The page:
The biggest commercial urban farm in Europe will open its doors to the public on 20 May. UF002 De Schilde, the official name of the urban farm, was developed for the sustainable production of fish and vegetables in The Hague and surroundings. Urban Farmers promises to deliver high-quality food with a high nutrient content, bursting with taste.

Starting in May, the urban farm will not only be delivering its first products to local restaurants, such as Het Gouden Kalf and Mochi, but also to visitors, albeit on a smaller scale. All products will be available for consumers in Fresh Weekly Baskets, which can be picked up at special pick-up points in The Hague from August onwards. Consumers are invited to place pre-orders for this service via the website. ‘Not only will you get sustainable urban-grown fish, but also local, freshly-picked produce on your plate,’ says Urban Farmers’ Paul Driest. Prices will be comparable to – or just a little higher than – those conventionally charged for organic products. The initiators of the project expect to produce 50,000 kilos of tomatoes, lettuce and microgreens, as well as 20,000 kilos of Tilapia fish, every year.

Rooftop terrace

The 1,300 m² greenhouse was built by Van der Valk.Kleijn BV. This wasn’t the firm’s first project to be built at a great height: Van der Valk.Kleijn BV already has two similar projects to its name, explains project leader Willem Kleijn. The first was a 3,500 m2 rooftop greenhouse for Vida Verde in Honselersdijk in 2008; the second the 250 m2 Urban Farmers rooftop farm in Basel in 2013.

Exceptionally strict safety requirements applied to both the construction and the frame itself. The glass panes of the façade are anchored with screws, for which a special profile was developed. The 2 x 3 mm glass panes covering the façade are made out of two layers: a layer of tempered glass on the interior with a thickness of 16 mm for extra strength, and a 4 mm-thick layer on the exterior. Taking into account a section size of 7.5 x 7.5 metres, a Venlo cover was built with three ridges and a roof sloping at 22 degrees. The gutters were reinforced with heavy-duty aluminium U profiles to withstand gusts of wind at a height of 34 metres.

The space&matter architecture firm ensured that the façades were finished with white slats and that the greenhouse was visually separated from the office building at its base be means of a wing. After all, aesthetics are important, too!

The greenhouse will feature an Agrolux HPS lighting system and a screening system supplied by Steetec installaties BV. A roll-down façade will separate the tomato from the leaf vegetable section. The natural gas-fuelled heating systems for both the fish farm and the greenhouse were installed by Verkade Klimaat BV. The harvested products are transported using a greenhouse lift.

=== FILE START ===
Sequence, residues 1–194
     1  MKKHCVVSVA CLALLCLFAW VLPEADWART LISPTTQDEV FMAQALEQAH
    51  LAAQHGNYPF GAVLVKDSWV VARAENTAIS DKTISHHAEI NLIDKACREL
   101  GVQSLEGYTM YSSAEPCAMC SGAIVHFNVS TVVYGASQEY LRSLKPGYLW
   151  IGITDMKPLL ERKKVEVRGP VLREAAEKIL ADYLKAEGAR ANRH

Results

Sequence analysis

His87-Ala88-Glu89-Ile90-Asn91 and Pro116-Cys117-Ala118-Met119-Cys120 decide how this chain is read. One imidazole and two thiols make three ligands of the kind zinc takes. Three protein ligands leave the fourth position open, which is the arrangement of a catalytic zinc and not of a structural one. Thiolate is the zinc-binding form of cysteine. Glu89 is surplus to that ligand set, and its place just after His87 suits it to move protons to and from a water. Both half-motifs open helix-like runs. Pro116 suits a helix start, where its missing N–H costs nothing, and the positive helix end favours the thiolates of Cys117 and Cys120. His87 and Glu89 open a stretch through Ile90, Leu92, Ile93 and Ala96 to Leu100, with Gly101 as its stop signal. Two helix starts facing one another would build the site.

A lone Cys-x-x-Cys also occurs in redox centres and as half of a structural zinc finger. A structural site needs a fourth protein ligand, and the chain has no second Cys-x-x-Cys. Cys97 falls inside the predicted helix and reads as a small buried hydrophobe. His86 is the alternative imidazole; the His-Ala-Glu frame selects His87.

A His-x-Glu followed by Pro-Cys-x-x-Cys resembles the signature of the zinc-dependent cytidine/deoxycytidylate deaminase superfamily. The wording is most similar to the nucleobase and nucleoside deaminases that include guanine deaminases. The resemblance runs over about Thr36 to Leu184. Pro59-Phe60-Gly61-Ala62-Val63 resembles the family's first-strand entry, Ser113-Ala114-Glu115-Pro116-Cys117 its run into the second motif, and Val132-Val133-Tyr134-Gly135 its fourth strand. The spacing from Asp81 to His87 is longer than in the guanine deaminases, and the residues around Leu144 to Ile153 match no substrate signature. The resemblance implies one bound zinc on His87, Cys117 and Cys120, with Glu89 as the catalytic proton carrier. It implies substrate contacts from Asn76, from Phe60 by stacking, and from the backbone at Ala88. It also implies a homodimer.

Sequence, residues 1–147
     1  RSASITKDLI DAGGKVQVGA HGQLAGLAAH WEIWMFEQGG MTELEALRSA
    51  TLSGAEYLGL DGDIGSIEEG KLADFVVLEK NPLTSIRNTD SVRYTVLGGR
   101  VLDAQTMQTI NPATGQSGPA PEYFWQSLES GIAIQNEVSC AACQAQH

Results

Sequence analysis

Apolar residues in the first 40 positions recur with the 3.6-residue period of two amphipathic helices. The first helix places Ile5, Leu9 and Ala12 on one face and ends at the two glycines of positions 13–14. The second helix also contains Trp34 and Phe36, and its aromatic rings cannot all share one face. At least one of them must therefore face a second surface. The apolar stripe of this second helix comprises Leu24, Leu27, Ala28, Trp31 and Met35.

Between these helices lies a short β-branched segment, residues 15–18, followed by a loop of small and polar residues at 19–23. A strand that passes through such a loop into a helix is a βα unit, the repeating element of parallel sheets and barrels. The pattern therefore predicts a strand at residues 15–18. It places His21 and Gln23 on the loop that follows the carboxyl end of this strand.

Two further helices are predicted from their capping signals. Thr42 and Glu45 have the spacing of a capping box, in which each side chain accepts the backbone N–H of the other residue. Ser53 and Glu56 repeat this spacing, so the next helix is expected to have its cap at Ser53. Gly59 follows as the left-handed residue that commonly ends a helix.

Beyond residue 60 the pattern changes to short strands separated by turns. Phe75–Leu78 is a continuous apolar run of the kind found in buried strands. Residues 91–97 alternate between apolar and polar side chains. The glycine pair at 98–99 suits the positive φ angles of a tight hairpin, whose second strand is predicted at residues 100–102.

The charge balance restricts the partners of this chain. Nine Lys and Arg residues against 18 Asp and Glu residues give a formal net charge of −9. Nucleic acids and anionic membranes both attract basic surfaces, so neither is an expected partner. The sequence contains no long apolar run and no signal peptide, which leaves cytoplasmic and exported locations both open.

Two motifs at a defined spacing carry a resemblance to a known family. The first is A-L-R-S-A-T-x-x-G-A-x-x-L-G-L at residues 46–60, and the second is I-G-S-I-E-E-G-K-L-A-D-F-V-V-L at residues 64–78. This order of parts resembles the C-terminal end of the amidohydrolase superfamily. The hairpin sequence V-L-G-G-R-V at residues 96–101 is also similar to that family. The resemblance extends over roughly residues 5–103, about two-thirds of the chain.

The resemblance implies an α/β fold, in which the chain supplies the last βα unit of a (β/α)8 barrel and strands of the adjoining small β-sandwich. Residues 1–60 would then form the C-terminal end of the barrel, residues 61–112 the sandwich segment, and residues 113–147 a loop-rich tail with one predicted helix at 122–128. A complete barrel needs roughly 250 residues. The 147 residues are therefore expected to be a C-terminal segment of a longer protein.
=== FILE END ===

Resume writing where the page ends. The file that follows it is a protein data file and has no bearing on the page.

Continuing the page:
Aquaponic system

The residual water from the fish farm will be discharged to the greenhouse, where the fertilising agents derived from this water will be used to feed the plants. Bacteria are also grown to support this process: they transform the ammonia produced by the fish into useful substances. Even the CO2 emitted by the fish is used as fertiliser for the vegetable plants. A Priva computer, normally applied in building automation, will control all the various systems, explains Ruud Hulleman of Priva. The return water from the greenhouse will have to be made suitable for reuse in the fish farm to create a closed circuit identical to the system used by Urban Farmers in Basel. The fish farm was designed and built by Fleuren & Nooijen.

According to Urban Farmers, the greenhouse will need 90% less water thanks to the aquaponic system. The products are all grown without any chemical crop protection agents or antibiotics. The fish are well taken care of, given high-quality feed and processed in an animal-friendly manner.

Transparency and experience

Part of the greenhouse has been reserved as a visitor centre. The spectacular view of The Hague from the top floor is a bonus. The complex on the sixth floor will house a visitor and conference centre with a mobile kitchen and a glass wall, through which the fish farm on the other side can be observed. Transparency and experience are the key values of this building. This is, however, not the project’s main focus area, explains General Director Marc Dumo: ‘We want people to know where there food comes from. That is the basic principle behind the Urban Farmers Project. However, we mustn’t forget that this is a commercial project. Our investors expect a return on their investment.’

Text/photos: Mario Bentvelsen.